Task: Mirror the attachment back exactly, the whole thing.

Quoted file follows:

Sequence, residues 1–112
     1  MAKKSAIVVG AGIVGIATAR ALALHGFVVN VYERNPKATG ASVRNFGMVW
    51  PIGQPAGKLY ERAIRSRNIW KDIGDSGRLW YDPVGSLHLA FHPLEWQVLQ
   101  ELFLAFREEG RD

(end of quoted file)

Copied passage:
Sequence, residues 1–112
     1  MAKKSAIVVG AGIVGIATAR ALALHGFVVN VYERNPKATG ASVRNFGMVW
    51  PIGQPAGKLY ERAIRSRNIW KDIGDSGRLW YDPVGSLHLA FHPLEWQVLQ
   101  ELFLAFREEG RD